It will be interesting to see if a casino sucks the long odds irrational lottery fan to its better odds. If this comes about, then its possible an unintended consequence will also be realized, a hit to education funding.
The new county charter is likely a new gain over the putrid rot of the current set-up, yet its promise rides on the citizenry becoming engaged enough to vet the new executive personnel. Under the box for the failed issue #5—it would have established a charter commission to write a future charter—was a slew of candidates for said commission. Who were they?
Roll the dice…
In the weeks during which the Cleveland Indians began to kick toward the Central Division crown, the lack of Jacobs Field sell-outs increasingly became the point of talk show conversation. Why weren’t the fans excited enough to start another string of sell-outs? After all, this 2007 team is somewhat in the same young and feisty mold of the legendary John Hart mini-dynasty of 1995-2001 (six crowns, two world series appearances.) Still, once the rebuilding phase commenced abruptly in 2002, the 455 sell out streak had long ended (2001.)
It is indicative of our town’s collective sports psychology that the basic reason given for the fans’ inability to ‘re-arouse’ themselves this year is that they won’t subject themselves to the potential heartbreak should they jump on the bandwagon and experience it to stall sometime at or before the final out of the world series.
This is nonsense of course. Psychology doesn’t work this way. Its ridiculous, uninformed assumptions presume the 10,000-15,000 fans who are staying away are all staying away for this reason. This implies the fans who are showing up come for other reasons but no other reasons exist for all other fans, fans who come out of the sports-happy demographic of northeastern Ohio and its population of 3 million peeps.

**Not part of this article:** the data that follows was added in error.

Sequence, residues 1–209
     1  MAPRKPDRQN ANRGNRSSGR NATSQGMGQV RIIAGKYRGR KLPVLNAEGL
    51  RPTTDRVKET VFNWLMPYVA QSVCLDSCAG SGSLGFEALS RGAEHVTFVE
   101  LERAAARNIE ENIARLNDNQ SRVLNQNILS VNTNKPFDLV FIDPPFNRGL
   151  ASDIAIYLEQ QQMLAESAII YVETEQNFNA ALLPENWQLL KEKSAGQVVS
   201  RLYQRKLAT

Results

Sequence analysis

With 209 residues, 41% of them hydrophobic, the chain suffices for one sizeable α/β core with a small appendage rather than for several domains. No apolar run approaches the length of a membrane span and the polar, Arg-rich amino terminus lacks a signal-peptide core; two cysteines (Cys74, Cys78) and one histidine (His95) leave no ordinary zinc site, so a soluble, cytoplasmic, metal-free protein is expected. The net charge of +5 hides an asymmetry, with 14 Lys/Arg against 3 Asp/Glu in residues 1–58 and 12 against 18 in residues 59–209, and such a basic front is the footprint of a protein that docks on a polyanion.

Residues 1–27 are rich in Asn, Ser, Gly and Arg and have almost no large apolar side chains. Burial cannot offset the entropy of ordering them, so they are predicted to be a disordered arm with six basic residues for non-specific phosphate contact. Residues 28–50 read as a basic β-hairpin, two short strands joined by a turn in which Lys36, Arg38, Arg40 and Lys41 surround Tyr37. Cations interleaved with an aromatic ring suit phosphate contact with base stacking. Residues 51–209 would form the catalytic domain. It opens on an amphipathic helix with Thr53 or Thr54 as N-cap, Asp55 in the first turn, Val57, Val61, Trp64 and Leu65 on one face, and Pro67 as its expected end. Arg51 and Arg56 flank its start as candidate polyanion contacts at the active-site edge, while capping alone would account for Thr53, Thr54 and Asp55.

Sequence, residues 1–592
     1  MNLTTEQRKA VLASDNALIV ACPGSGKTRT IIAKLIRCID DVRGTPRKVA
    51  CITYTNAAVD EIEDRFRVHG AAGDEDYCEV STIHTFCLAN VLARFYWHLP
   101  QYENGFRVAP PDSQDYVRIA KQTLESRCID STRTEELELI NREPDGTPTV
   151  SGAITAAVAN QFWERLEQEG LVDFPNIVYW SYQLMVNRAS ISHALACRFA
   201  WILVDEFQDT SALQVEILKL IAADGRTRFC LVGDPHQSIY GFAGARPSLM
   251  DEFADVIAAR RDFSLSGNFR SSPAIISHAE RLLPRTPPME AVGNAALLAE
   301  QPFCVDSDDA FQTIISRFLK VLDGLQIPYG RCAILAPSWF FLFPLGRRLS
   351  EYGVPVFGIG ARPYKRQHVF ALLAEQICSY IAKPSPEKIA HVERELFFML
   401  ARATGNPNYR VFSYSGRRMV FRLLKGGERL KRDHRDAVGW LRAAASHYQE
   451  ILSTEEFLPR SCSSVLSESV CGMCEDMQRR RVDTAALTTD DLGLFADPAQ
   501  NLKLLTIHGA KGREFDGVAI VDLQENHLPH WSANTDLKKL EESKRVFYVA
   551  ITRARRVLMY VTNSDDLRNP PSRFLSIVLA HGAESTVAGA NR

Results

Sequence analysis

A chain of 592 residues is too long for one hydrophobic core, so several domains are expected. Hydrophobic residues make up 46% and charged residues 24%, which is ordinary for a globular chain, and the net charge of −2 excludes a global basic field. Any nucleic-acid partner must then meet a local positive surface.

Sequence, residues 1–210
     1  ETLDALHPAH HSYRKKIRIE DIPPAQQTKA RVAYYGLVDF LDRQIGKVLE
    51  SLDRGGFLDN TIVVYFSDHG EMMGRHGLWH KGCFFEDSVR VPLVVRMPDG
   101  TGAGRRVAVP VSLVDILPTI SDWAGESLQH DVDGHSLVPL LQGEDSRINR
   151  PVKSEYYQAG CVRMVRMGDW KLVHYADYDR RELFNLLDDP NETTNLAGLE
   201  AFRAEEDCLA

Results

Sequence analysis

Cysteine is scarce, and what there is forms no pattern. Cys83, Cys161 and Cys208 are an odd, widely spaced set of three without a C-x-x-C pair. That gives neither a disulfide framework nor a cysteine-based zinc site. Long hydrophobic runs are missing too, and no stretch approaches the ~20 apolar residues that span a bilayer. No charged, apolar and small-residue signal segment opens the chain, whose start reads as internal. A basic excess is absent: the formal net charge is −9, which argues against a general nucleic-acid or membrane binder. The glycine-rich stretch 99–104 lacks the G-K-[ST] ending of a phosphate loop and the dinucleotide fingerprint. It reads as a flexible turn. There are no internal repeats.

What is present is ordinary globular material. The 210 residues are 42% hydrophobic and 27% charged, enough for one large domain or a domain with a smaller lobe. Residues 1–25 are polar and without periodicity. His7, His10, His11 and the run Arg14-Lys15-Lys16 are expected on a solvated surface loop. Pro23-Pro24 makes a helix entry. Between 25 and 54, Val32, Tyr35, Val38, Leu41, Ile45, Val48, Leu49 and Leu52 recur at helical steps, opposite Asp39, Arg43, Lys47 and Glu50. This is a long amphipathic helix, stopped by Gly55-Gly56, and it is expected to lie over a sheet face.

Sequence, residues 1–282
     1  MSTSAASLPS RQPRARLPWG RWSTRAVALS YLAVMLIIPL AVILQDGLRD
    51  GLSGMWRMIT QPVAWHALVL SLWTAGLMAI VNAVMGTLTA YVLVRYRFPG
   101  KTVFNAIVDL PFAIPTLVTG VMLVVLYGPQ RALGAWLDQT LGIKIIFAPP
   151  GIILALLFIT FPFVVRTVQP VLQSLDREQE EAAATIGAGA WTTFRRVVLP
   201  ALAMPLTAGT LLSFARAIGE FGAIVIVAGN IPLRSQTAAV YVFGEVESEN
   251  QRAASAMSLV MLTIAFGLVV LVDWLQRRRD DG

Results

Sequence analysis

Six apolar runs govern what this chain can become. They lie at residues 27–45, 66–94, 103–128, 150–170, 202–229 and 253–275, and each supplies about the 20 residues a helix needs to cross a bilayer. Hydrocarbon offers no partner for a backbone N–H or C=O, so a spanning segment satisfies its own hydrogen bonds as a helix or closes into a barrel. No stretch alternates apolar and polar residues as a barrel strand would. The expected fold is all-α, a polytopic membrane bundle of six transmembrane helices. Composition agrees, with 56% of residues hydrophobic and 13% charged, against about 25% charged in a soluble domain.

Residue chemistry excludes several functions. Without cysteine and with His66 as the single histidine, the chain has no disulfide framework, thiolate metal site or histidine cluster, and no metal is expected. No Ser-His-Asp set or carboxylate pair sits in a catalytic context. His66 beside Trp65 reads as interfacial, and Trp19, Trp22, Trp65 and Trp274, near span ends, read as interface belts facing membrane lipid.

This reasoning ignores the 300,000+ fans who have watched the team recently on STO and assumes there is in this group a lack of motivation to see the team in person, even if it is okay to assume they all have stilled this anxiety-provoking potential for heartbreak.
Actually, it is worth suggesting that the in-person audience is highly correlated with the at-home audience. Perhaps the figure is about 10% of the former. Yes, fans have to be motivated to invest time in watching their favorite diamond sons play, but the total figure is quite dynamic and quite unlikely to move south simply because people will defer today’s pleasure against the complete uncertainty of anxiety-provoking results in the distant future.
My guess is that the perfect storm of a good young team and a new ballpark in a city stripped of their beloved, inept Browns (1996) and with a putrid NBA team, constituted a marketer’s perfect storm in 1995.
This said, the rationale behind the idea that a critical mass of fans is prevented from re-forming because of a collective fear says an ore boat’s worth about the longstanding narrative floated by ignorant sports commentators, commentators at least ignorant of social psychology! In effect, it’s a meme floated to support the chip on the shoulder even if the sample of truly disgruntled and fearful fans is given only by those both disgruntled yet motivated to blather on over the phone during call-in shows.
Go Tribe. They are a very dangerous team completely unaware of the idea that they aren’t this year’s cream of the crop. Consider a playoff starting rotation of Sabathia, Carmona, Byrd, with Westbrook, Betancourt, Perez coming out of the bullpen, Borowski at the backend, and the simple revival of hitting with runners in scoring position, and you have to like the Tribe’s chances.